04/20/06 — County health board presents $7.6 million budget

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County health board presents $7.6 million budget

By Phyllis Moore
Published in News on April 20, 2006 1:46 PM

The Board of Health approved the county Health Department's proposed $7.6 million budget Wednesday, which reflects a nearly half million dollar increase over the previous year's figures.

Health Director James Roosen said the projected amount for 2006-07 includes a $98,000 increase in salaries and benefits, $50,000 for a new nursing position, $200,000 for enhancements to the medical records system, a new vehicle for Environmental Health and some capital improvements.

State and local tax dollars comprise about 60 percent of the budget, Roosen said. An additional $24,102 is anticipated from state dollars in the coming year, and $2.8 million will be requested from the local funding source, county commissioners. That amount equates to an additional $652,415 for 2006-07, he said.

Board member Efton Sager, who is also a commissioner, questioned the figure, saying it might be difficult for the commission to approve

Board member Steve Smith, who made the motion to approve the preliminary numbers, noted that the budget is a give-and-take process.

"In order to get something started, we have to get something started," he said. "We'll address those changes when the time comes."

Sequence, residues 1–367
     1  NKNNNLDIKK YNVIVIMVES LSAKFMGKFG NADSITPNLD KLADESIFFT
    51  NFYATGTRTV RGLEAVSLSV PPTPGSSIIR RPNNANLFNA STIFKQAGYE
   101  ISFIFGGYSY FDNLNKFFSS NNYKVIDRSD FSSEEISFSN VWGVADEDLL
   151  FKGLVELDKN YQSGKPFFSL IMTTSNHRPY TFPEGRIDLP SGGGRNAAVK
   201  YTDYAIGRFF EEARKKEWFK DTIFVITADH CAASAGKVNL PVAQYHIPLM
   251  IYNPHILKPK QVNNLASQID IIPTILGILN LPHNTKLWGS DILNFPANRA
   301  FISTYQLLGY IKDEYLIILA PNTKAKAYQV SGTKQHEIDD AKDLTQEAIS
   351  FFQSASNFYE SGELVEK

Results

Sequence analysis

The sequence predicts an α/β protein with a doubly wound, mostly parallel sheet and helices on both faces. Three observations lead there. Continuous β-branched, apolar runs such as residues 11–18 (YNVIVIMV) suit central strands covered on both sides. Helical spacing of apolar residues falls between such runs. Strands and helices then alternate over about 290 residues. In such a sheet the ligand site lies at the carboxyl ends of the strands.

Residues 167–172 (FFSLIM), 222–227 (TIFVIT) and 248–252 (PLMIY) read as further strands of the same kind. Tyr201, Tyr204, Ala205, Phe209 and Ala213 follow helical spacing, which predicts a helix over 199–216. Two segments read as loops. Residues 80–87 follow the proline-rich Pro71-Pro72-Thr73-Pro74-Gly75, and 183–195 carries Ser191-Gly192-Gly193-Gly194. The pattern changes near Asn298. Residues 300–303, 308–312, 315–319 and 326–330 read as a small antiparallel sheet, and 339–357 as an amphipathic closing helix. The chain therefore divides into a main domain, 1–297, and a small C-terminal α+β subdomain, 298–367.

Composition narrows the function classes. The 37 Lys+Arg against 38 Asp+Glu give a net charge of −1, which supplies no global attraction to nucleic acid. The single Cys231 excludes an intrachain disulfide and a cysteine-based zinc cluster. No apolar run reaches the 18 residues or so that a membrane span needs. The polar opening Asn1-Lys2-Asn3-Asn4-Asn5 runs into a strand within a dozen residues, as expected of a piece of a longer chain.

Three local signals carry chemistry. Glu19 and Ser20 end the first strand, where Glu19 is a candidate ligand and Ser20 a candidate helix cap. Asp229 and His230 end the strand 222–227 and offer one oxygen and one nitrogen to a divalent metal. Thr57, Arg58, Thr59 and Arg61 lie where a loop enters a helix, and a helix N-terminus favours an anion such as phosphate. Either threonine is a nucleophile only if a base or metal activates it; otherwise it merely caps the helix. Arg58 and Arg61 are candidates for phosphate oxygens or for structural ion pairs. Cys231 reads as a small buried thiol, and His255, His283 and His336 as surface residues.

"We will definitely have to prioritize a lot of these requests," Roosen said.

Explaining some of the line items, he said there were some reductions expected in some of the revenue for the coming year, including block grant cuts, a 15-percent cut, or $10,000, in bioterrorism funding and shifts to Medicaid earnings. Some of the anticipated fees in Environmental Health had also been overestimated, he said.

As for expenses, Roosen said another nursing position is needed in the area of communicable disease.

"Because of an increase in TB, there is the need for more home visits," he said. "We're also turning away a lot of patients with sexually transmitted diseases -- about five patients a day. We're asking them to come back. It's not a good situation."

Space is another concern, he said. In the WIC Department, for example, Roosen said, four workers occupied a 100-square-foot office, which makes for cramped quarters as well as raising privacy issues for patients.

Estimated cost to expand or relocate the office was $119,000. Another capital improvement cost mentioned was $50,000 for additional air conditioning in the dental department.

The biggest expense, $200,000 for scanning medical records, would not only address some of the space issues but consolidate records and make them more readily available, Roosen said.

He said he had recently measured one area where records were kept, estimated it at 850 square feet. The change will contribute to saving more paper, as well as helping with security and the ability to access the records much quicker, he said.

A $50,000 software package is also on the list, which will be used for lab information.

"We do 40,000 tests per year in the Health Department lab," Roosen said. "That's a lot of paper. So when you do a test, it could automatically be downloaded."